Blood Wedding (1981)

Blood Wedding (1981)

“Wake up the bride with the green bouquet of flowering love.”

A dance company rehearses Federico Garcia Lorca’s tragic play “Blood Wedding”, in which a bride (Cristina Yoyos) runs away with her married lover (Antonio Gades), who soon faces her angry new husband (Juan Antonio Jimenez).

Genres, Themes, Actors, and Directors:

  • Dancers
  • Love Triangle
  • Spanish Films
  • Weddings

Response to Peary’s Review:
In describing this unusual movie of “what is supposed to be a dress rehearsal of [Antonio] Gades’s flamenco version of Garcia Lorca’s passionate tragedy Bodas de Sangre,” Peary writes that “Spain’s celebrated director Carlos Saura joined forces with Antonio Gades, famed classical dancer, to show how film could bring intimacy to and enhance the excitement of dance.”

He notes that because “Saura wants us to feel the importance of what we’re about to see — and have us feel it’s more than a rehearsal — he pulls a couple of tricks,” including taking “us into the dancers’ dressing rooms so we can get to know them personally” (though this is limited to light banter, guitar warm-up, and dancers putting photos up on their mirrors).

Peary writes that given that “the rehearsal takes place in a large, bare rehearsal hall,” “Saura and Gaudes attempt… to make us become so involved with the dancing and the characters that we forget about he minimal set and perhaps imagine that the light filtering through the background windows is Lorca’s moon.”

He adds that “the dancers perform with passion… and Saura moves his camera among them, floating into a close-up or waiting for a dancer to spin toward him and stop dramatically right before the lens.”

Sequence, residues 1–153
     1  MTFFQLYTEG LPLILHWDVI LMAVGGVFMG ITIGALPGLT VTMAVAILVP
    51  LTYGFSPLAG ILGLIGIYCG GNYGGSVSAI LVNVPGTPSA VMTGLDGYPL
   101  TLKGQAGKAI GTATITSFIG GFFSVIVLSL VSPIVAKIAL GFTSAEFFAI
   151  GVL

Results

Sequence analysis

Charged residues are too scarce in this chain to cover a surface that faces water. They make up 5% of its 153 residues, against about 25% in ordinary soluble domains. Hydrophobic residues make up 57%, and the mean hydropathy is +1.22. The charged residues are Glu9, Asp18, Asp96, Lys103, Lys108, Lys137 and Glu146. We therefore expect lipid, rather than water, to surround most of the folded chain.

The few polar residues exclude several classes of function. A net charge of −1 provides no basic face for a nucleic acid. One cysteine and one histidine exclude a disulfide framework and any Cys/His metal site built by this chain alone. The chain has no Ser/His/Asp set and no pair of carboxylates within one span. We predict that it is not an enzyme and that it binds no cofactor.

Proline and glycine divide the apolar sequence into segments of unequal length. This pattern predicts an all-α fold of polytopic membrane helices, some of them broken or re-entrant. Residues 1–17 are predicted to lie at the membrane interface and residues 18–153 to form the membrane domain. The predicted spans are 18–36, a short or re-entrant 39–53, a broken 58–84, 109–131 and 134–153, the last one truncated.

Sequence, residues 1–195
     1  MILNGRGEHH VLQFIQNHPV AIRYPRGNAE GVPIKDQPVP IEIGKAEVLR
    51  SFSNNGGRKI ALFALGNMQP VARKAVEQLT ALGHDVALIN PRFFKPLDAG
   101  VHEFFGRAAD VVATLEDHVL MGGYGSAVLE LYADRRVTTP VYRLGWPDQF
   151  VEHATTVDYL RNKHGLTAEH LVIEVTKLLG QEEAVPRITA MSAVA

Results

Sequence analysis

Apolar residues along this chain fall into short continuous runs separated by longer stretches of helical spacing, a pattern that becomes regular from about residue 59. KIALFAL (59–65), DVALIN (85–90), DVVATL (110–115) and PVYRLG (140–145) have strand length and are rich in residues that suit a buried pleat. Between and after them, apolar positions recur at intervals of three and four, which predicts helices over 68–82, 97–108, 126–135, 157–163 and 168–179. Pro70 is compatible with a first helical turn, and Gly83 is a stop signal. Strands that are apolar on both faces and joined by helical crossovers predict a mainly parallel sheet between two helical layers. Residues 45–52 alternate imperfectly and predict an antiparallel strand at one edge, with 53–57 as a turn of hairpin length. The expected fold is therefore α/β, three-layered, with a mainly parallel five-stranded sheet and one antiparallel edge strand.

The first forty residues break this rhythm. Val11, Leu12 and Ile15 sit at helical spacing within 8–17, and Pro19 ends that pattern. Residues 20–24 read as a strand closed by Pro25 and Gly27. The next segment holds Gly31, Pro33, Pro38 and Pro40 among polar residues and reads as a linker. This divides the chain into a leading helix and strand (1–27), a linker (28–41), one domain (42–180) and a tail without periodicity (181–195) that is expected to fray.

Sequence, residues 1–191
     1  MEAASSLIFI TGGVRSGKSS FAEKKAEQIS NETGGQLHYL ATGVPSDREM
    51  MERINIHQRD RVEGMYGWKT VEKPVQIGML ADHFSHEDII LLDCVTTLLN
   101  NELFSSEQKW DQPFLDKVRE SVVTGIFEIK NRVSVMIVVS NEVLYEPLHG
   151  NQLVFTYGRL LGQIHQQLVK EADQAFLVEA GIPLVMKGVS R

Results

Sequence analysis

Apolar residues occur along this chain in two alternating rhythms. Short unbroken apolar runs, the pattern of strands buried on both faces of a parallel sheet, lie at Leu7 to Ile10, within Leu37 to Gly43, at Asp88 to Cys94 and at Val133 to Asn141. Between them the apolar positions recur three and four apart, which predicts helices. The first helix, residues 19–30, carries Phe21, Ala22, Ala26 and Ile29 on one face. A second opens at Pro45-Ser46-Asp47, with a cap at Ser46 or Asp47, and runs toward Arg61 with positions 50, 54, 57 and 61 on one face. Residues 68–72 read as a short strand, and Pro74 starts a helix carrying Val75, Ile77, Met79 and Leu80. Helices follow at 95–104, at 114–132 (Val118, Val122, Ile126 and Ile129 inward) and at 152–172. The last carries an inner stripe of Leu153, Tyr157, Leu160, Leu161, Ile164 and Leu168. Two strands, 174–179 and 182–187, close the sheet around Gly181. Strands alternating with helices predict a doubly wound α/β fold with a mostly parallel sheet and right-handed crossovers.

He notes that he finds “the setting distracting” (I don’t, given the context) but concedes that the “film isn’t boring, even for those who don’t like dance.” Indeed, at just 72 minutes, this first of four flamenco-themed movies Saura would make — including the GFTFF-listed Carmen (1983) — is short enough to hold interest throughout. I always appreciate behind-the-scenes looks at art being crafted, and consider this to be a worthy entry in that sub-genre; however, it’s not must-see viewing for all film fanatics.

Update on 2/15/23: RIP, Carlos Saura.

Notable Performances, Qualities, and Moments:

  • A creative cinematic rendering of dance

Must See?
No, though it’s worth a look.


One thought on “Blood Wedding (1981)

  1. First viewing (5/10/21). Not must-see – but it will be of interest to those who enjoy experiencing the arts in different cultures.

    Those in the theater may appreciate it more since the beginning includes the performers being themselves backstage as well as Gades telling us the story of how he became a dancer.

    This is a final dress rehearsal without a set so there is a bare-bones quality to the piece. And it builds slowly to what becomes something akin to the dynamics of ‘West Side Story’ (with its hotbloodedness and all).

    Enjoyment may depend on how familiar you are with Lorca’s original play – something Spanish audiences are no doubt much more familiar with.

    Appreciation of dance in general can be a matter of taste. All told, this didn’t do a whole lot for me personally but I thought it had its moments.

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